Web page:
. . . . . . . . . . . . . . . . . . . . . . . . . . . . . . . . . . . . . . . . . . . . . . . . . . . . . . . . . . . . . . . . . . . . . . . . . . . . . . . . . . .
I rubbed my wrist with my thumb from the opposite hand, the sensation of soft skin being brushed by smooth metal all too familiar and not nearly as absentminded as I wanted it to be; as if I hadn’t been rubbing my wrist repeatedly since I woke up earlier that morning, actually breaking out of my selected sleep cycle for the first time since I could remember.
I resisted glancing down at the screen that lit up, commanded by my touch and unlocked by the code I’d programmed personally. There was no need to look to see what was written there; what had always been written there, since my birth. The date and time had been ingrained in my mind since my parents told me of its purpose. It was the date when I met my soulmate.
Three hours from now.
You’d think that knowledge would propel me to get out of bed, but my body lay still, unmoving, except for the back-and-forth motion of thumb across wrist.
I ignored the warning that flashed in the back of my mind, sensors signaling my heart rate was abnormally high, alerting me to take precautions. I was surprised my cybernetics hadn’t picked up the pattern, especially in the last week. My thundering heart had become an anthem, catching me off guard with how loud it beat and how excited the rhythm felt.
I swallowed, hard. There was so much hype, so much pressure, built around the anticipation of knowing the exact moment when you’d meet them, yet not knowing the circumstances. Advice on how to navigate such ominous certainty was everywhere and it varied, falling across the entire spectrum of possibilities. On the date your wrist describes, don’t do anything differently and act like it’s nothing special. Or do everything differently, going out of your comfort zone and doing things completely opposite of what you’re used to. Both mindsets always confused me, because they set up the idea that if you weren’t in the right place at the right time, you’d somehow miss meeting your soulmate altogether. Yet that was the most certain knowledge of our society, a fact pulled out of our DNA at birth and infused into our genetic code as a countdown that ticked off on our wrist.
For a society as rigid and cold as Nathapali, we somehow still believed in love.
A light lit up in the front corner of my brain. Blinking once, a small screen projected from my eyes, pulling up my personal terminal and the new message that waited there. Ketra.
It was a weird question to ask, considering my signal had been switched to active the moment I opened my eyes. Ketra, being my closest friend, was part of my personal network, which allowed access to such information. Which meant she wanted to ask me something she wasn’t sure how to ask.
What are you wanting this time?
Her reply was instantaneous. Adventure. Meet me in twenty?
A navpoint appeared on the far left side of my screen. I frowned as I quickly scanned the location and discovered where she wanted to go. Ketra was the instigator of all our misdeeds and I was happy to follow her lead—someone had to keep her out of trouble, at the very least—yet even she had never suggested something so forbidden.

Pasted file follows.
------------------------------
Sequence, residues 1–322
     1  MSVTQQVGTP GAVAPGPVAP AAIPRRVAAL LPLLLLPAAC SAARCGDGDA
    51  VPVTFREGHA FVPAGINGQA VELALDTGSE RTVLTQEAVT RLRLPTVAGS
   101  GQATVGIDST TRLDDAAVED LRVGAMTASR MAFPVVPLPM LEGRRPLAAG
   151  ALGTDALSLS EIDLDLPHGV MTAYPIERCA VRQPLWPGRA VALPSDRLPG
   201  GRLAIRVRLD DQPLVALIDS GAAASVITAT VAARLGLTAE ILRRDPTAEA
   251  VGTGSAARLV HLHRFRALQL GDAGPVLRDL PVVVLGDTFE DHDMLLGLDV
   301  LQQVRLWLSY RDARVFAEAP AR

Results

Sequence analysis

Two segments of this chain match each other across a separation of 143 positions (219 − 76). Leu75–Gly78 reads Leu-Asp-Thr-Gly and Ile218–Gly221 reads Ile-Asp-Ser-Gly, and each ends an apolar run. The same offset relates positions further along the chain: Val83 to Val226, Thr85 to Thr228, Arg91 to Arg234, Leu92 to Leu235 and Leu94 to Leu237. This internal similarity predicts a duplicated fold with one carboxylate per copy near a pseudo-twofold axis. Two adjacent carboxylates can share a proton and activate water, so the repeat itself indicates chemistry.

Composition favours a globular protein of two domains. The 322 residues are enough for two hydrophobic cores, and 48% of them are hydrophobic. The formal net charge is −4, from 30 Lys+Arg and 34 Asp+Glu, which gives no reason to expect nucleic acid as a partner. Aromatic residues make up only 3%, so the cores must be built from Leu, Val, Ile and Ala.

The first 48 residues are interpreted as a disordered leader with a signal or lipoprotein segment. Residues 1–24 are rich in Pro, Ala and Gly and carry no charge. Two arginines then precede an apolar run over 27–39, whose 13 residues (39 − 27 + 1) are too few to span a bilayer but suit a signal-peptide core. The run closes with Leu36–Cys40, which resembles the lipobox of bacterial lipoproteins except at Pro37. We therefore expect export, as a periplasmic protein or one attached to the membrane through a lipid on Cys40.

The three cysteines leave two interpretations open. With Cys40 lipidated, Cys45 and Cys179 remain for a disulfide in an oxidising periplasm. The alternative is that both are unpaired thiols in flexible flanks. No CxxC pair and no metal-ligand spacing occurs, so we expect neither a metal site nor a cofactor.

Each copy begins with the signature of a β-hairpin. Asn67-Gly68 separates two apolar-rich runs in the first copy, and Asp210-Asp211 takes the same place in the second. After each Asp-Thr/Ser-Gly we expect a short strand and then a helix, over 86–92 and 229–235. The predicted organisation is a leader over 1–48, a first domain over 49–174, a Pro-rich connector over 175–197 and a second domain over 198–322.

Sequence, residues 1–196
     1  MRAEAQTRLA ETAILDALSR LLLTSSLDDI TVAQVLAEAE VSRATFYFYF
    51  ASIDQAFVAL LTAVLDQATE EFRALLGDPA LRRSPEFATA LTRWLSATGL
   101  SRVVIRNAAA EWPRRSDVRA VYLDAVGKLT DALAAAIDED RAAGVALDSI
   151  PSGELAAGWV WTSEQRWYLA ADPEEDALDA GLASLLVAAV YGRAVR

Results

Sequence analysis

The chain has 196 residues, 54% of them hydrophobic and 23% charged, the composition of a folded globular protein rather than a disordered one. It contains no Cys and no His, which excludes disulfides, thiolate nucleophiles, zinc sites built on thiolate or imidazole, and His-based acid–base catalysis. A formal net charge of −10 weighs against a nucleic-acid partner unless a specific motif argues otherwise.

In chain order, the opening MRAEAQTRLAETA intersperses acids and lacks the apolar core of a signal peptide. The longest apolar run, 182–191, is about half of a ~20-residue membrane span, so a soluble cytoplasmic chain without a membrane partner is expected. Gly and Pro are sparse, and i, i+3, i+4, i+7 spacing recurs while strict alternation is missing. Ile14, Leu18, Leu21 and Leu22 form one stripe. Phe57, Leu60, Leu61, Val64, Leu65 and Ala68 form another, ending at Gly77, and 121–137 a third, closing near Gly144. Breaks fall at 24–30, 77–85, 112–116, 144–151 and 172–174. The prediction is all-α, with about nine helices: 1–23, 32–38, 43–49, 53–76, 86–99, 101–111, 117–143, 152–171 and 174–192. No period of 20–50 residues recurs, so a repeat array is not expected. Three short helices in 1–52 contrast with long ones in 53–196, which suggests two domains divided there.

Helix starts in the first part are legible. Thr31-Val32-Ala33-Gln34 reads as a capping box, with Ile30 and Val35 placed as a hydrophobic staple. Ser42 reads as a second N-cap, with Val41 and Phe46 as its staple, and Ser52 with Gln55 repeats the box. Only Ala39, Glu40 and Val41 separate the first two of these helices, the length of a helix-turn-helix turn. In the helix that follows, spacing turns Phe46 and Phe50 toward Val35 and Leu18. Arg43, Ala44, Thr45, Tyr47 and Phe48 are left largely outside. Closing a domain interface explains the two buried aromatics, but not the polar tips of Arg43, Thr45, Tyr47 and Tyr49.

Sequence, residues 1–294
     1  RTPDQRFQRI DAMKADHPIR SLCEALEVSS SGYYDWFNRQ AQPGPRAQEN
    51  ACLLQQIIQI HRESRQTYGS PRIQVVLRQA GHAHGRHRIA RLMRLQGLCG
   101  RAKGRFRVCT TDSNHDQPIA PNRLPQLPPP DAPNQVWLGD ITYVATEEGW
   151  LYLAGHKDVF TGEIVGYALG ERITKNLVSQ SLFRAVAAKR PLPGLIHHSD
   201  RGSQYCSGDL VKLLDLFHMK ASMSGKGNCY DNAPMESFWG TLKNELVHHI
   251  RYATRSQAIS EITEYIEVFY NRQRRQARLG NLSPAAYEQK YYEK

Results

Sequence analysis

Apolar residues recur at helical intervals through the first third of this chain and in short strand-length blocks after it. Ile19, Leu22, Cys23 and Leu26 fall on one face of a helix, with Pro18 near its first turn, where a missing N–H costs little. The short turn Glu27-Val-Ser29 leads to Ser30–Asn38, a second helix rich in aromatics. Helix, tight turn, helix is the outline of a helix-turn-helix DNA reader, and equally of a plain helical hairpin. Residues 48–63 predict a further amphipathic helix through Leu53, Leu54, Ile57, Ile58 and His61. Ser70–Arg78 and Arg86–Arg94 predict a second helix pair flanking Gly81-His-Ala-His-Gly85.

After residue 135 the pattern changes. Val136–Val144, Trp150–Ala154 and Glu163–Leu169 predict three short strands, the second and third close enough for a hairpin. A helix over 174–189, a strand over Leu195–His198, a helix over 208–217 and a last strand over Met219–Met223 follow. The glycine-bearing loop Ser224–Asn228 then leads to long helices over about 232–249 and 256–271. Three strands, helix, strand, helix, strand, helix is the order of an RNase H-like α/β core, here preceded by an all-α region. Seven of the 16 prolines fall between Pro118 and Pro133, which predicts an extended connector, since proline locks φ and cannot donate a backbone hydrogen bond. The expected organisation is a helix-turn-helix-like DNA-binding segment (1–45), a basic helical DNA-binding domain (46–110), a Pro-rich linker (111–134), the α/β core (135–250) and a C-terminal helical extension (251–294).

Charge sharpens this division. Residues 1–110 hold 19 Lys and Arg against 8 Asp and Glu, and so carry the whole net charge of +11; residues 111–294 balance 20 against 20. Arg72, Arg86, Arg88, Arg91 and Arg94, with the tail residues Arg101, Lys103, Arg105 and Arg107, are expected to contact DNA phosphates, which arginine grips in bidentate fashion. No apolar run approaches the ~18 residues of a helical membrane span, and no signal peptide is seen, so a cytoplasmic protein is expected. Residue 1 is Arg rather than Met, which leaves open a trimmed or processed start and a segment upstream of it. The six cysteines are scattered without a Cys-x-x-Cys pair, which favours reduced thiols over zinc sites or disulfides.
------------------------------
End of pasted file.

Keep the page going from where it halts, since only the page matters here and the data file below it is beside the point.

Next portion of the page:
Could be illegal, her next message read.
I snorted. It’s like you want to be dismantled and sold for scraps. You know we can’t.
See you in eighteen.
I couldn’t help grinning, even though I should have scowled at her presumptuousness. At least it’d be a good distraction from waiting for my countdown to expire. I did wonder at her timing, however. The day I’m meant to meet my soulmate and Ketra decides to break into the one building that’s off limits to civilians, since it supposedly contained forbidden relics from Before. It was the most sacred place in all the Celladome, the last link to how life was lived in the past, back when humanity wasn’t connected at all, and science and technology were feared instead of ingrained into everyday life. Since, it’s been abandoned, though guarded on the outside, to protect whatever forbidden secrets lay within. Who was I supposed to meet there? Someone on patrol who we’re forced to persuade not to turn us in with charges of treason? Not exactly romantic.
I closed the message before blinking again, my terminal disappearing from my vision. Pushing myself out of bed, I plot my route to Ketra’s meeting point inside my head, simultaneously storing that data—along with Ketra and I’s last conversation—into the encrypted part of my brain that no one else can access. No use letting anyone else with access to my terminal stumbling upon our latest adventure before it can even begin.
I don’t bother grabbing anything to take with me, nor do I alter my programmed outfit for Thursdays—though I do run metallic fingers through my natural hair, a nervous tick. Thursdays are when my hair is left loose, hanging down far enough that I can make out the silver edges just brushing against my shoulders. I, of course, have no idea what the rest of my face looks like—mirrors were a relic that belonged only during Before and are forbidden to seek out or recreate, it had been decreed—but Ketra has always said she likes my Thursday look the best.
Not for the first time, I wonder if Ketra is actually meant to be my soulmate. She hasn’t found hers yet, either. It’d be weird, at first, but I think we could make it work. But our timelines don’t match up. Her countdown still has two years remaining. Thanks to my privacy programming, she has no idea that mine ends this very afternoon.
It’s always bothered her that I’ve kept my date hidden, especially when the very foundations of Nathapali is built upon instantly accessible, shared information. I’ve worked hard to create the truest definition of privacy where I can and I’m not ashamed to believe the illusions of privacy I create, either. While I’m only a mere speck a part of the grand network that links all of our terminals together, I’m still a speck that’s connected and tuned into that network, so privacy has always been a foreign idea. It’s precious, when obtained.
I glance at my wrist.
Two hours and forty seven minutes.
A message pops up in my terminal. I blink it open.
Twelve minutes. Don’t be late!
I leave my apartment with a knot in my stomach and I can’t tell whether it’s from excitement or terror.